UN statistics show that about half a million Afghans have been internally displaced by violence, and that figure is on the rise. UN humanitarian aid officials note that the internally displaced persons (IDPs) grappling with enormous ills are not assisted to return back to their homes, believing that if keen attention is not paid to the problems of IDPs and the returnees, Afghanistan will face a new crisis in the coming winter.
The influx of Afghan refugees from Pakistan and Iran, and the displacement of hundreds of thousands of people in the country have become a great challenge as the government and the international aid agencies did have preparation for their arrival. A lot of families have been displaced by fighting in areas considered to be relatively safe, and refugees who have returned back to the country are living in very bad conditions, with no access to very basis life facilities, including shelter and food.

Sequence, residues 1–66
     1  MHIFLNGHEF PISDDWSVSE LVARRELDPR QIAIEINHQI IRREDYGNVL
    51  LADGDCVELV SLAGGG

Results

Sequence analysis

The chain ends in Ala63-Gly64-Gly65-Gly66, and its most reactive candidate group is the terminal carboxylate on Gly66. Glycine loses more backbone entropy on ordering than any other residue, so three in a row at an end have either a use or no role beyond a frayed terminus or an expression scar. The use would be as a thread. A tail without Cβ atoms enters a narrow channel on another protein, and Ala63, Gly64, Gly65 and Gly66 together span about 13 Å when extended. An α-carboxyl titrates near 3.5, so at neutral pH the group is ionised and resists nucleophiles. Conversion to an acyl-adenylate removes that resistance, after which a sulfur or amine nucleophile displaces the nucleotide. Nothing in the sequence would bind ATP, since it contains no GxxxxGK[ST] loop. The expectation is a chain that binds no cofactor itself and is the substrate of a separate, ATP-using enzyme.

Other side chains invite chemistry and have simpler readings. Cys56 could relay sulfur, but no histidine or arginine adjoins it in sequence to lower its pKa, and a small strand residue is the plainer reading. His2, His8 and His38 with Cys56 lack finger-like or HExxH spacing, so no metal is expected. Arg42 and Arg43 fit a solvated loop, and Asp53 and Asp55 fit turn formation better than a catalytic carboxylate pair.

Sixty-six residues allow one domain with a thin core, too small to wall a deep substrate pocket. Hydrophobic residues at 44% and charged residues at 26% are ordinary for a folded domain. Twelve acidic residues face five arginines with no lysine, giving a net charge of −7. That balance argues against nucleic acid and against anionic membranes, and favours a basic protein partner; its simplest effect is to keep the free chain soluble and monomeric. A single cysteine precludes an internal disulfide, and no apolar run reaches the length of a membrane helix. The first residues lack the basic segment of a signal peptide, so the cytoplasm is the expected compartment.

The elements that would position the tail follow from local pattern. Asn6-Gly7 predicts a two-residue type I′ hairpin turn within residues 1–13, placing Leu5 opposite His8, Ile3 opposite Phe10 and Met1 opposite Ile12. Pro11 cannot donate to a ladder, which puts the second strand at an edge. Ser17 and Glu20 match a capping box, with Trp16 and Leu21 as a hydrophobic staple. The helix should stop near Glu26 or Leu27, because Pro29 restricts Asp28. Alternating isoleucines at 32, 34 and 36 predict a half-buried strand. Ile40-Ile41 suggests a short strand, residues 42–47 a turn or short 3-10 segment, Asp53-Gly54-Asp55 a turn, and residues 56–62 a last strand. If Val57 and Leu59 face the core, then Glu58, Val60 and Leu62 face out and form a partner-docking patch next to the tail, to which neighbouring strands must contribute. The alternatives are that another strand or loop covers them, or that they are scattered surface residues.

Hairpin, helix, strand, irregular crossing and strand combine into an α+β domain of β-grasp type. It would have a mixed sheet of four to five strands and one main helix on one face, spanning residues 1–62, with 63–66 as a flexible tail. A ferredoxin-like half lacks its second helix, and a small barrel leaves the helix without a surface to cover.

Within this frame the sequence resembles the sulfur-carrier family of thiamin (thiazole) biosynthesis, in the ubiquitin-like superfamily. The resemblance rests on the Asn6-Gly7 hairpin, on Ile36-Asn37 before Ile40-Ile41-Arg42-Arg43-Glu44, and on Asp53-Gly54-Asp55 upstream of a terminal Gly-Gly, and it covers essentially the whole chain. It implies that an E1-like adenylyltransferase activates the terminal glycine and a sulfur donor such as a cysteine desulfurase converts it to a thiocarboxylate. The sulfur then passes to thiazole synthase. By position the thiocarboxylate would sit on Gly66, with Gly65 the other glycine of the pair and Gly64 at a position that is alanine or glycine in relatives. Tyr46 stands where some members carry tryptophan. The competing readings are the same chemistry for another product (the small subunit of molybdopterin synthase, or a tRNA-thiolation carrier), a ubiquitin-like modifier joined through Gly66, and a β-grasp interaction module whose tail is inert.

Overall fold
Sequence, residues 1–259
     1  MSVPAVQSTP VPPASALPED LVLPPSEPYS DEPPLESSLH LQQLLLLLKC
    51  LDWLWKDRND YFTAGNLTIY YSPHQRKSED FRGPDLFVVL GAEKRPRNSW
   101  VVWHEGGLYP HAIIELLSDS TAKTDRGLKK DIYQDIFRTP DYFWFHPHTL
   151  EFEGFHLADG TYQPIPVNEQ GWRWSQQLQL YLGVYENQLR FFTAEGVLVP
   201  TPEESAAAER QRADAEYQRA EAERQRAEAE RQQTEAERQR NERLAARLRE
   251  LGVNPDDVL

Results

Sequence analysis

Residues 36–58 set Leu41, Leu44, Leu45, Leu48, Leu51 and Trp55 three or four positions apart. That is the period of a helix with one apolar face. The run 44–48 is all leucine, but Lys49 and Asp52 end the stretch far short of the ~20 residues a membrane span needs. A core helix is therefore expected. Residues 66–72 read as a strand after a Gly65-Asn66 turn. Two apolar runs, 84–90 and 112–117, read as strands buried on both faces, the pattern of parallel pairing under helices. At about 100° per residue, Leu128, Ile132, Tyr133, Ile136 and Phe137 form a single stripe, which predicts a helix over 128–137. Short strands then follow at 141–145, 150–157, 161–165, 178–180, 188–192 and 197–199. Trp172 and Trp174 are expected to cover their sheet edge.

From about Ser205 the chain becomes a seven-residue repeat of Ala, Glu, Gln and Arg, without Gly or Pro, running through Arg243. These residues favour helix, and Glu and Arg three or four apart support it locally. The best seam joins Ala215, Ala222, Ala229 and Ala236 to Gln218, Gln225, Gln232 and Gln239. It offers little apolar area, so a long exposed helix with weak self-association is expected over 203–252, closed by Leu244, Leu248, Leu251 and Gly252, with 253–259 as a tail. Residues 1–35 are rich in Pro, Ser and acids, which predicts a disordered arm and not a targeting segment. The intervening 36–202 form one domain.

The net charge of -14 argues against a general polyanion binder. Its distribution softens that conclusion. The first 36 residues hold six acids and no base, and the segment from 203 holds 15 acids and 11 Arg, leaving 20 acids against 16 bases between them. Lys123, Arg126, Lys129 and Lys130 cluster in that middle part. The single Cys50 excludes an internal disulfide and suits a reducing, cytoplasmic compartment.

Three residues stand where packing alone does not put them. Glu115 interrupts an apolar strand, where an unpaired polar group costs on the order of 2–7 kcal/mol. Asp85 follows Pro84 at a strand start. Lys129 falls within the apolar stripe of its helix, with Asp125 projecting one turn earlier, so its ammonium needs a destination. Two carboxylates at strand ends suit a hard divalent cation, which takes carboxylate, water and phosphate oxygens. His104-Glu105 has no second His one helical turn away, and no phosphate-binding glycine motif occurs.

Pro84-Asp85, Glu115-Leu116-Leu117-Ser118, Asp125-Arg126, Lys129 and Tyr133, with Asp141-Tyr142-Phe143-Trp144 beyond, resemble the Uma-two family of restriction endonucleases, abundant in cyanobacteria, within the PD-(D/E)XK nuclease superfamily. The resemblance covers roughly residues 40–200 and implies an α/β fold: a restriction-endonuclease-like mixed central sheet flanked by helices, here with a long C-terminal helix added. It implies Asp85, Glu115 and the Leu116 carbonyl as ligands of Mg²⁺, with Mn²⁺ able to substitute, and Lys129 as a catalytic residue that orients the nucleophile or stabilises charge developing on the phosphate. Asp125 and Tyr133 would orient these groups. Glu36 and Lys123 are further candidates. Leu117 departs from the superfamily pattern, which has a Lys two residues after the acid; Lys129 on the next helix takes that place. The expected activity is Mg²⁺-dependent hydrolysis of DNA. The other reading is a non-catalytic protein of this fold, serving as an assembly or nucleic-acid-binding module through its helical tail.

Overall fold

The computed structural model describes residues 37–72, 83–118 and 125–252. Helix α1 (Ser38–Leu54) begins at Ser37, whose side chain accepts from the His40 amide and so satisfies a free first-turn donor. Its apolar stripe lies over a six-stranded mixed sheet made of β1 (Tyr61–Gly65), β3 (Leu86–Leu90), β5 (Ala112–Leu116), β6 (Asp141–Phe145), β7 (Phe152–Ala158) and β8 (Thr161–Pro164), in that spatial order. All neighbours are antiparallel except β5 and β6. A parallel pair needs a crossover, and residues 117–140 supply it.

With the winter fast approaching, the ills of this destitute stratum will further increase since some parts of the country have a very chilly weather in which life without shelter and enough firewood would meaning playing with death. The lives of these families, especially their children, have often been threatened by the cold wave of winter.
Given the severity of the peril, the government needs to work together with the international community to find out a logical solution to this problem. If it is unable to facilitate the return of the IDPs to their home due to ongoing fighting or other reservations, it should at least provide them with basis life facilities in the area they are presently living in. Also, the international community and wealthy Afghans should also lend a helping hand to these vulnerable families. Based on an organized strategy, funds should be raised during the winter, and distributed to deserving families before their life conditions aggravate.